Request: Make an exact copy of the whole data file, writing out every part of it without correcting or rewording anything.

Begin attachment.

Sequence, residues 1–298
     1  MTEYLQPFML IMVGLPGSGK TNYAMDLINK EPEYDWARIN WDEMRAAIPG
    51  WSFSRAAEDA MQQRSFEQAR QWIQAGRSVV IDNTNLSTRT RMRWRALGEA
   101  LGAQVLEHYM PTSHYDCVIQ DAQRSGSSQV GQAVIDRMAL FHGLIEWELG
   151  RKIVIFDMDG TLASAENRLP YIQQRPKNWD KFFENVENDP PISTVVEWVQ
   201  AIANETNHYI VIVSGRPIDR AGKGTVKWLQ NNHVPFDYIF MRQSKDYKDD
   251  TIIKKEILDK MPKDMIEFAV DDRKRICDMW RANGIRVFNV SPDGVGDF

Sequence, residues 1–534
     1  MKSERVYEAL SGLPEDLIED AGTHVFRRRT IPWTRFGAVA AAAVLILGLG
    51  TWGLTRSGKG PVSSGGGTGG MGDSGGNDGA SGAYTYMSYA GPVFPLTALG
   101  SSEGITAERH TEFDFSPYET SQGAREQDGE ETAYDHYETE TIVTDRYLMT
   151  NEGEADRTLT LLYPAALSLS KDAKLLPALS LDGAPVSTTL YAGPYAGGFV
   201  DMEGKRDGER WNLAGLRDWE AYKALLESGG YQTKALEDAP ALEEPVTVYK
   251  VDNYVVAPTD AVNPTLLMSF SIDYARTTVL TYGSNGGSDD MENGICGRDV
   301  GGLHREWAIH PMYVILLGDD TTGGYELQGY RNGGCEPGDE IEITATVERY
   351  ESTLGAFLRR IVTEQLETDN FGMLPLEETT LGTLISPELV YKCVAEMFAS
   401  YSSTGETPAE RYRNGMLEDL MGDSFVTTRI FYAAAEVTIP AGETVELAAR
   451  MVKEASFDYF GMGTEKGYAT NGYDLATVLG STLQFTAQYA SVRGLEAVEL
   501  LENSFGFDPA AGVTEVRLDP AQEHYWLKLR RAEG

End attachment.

Sequence, residues 1–298
     1  MTEYLQPFML IMVGLPGSGK TNYAMDLINK EPEYDWARIN WDEMRAAIPG
    51  WSFSRAAEDA MQQRSFEQAR QWIQAGRSVV IDNTNLSTRT RMRWRALGEA
   101  LGAQVLEHYM PTSHYDCVIQ DAQRSGSSQV GQAVIDRMAL FHGLIEWELG
   151  RKIVIFDMDG TLASAENRLP YIQQRPKNWD KFFENVENDP PISTVVEWVQ
   201  AIANETNHYI VIVSGRPIDR AGKGTVKWLQ NNHVPFDYIF MRQSKDYKDD
   251  TIIKKEILDK MPKDMIEFAV DDRKRICDMW RANGIRVFNV SPDGVGDF

Sequence, residues 1–534
     1  MKSERVYEAL SGLPEDLIED AGTHVFRRRT IPWTRFGAVA AAAVLILGLG
    51  TWGLTRSGKG PVSSGGGTGG MGDSGGNDGA SGAYTYMSYA GPVFPLTALG
   101  SSEGITAERH TEFDFSPYET SQGAREQDGE ETAYDHYETE TIVTDRYLMT
   151  NEGEADRTLT LLYPAALSLS KDAKLLPALS LDGAPVSTTL YAGPYAGGFV
   201  DMEGKRDGER WNLAGLRDWE AYKALLESGG YQTKALEDAP ALEEPVTVYK
   251  VDNYVVAPTD AVNPTLLMSF SIDYARTTVL TYGSNGGSDD MENGICGRDV
   301  GGLHREWAIH PMYVILLGDD TTGGYELQGY RNGGCEPGDE IEITATVERY
   351  ESTLGAFLRR IVTEQLETDN FGMLPLEETT LGTLISPELV YKCVAEMFAS
   401  YSSTGETPAE RYRNGMLEDL MGDSFVTTRI FYAAAEVTIP AGETVELAAR
   451  MVKEASFDYF GMGTEKGYAT NGYDLATVLG STLQFTAQYA SVRGLEAVEL
   501  LENSFGFDPA AGVTEVRLDP AQEHYWLKLR RAEG